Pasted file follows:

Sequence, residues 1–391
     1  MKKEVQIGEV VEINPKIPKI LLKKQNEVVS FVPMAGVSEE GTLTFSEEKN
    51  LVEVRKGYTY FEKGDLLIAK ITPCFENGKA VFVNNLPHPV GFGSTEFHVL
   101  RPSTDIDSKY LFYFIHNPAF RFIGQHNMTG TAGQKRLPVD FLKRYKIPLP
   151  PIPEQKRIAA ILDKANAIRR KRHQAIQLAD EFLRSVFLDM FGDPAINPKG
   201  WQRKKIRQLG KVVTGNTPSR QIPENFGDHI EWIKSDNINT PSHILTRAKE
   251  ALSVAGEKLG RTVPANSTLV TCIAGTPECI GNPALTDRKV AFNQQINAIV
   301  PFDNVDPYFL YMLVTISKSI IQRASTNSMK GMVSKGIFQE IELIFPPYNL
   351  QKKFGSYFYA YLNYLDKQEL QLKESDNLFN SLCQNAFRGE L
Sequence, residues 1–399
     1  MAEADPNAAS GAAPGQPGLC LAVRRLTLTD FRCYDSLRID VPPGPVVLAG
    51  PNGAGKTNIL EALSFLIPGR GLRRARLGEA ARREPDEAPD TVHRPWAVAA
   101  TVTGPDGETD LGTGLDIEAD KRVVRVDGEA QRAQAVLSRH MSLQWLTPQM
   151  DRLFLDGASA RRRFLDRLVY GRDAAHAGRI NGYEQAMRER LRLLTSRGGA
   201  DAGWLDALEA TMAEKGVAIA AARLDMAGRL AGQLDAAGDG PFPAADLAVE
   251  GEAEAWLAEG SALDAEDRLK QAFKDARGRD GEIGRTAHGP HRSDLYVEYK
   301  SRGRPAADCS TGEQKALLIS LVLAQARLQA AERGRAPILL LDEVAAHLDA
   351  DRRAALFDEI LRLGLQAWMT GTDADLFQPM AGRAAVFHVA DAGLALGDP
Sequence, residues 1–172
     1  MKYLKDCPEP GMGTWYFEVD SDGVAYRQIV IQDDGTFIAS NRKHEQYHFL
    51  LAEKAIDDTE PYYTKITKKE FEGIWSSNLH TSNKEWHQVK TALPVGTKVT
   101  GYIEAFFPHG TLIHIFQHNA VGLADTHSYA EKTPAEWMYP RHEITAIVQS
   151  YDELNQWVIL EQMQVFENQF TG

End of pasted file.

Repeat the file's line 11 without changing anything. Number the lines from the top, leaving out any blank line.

     1  MAEADPNAAS GAAPGQPGLC LAVRRLTLTD FRCYDSLRID VPPGPVVLAG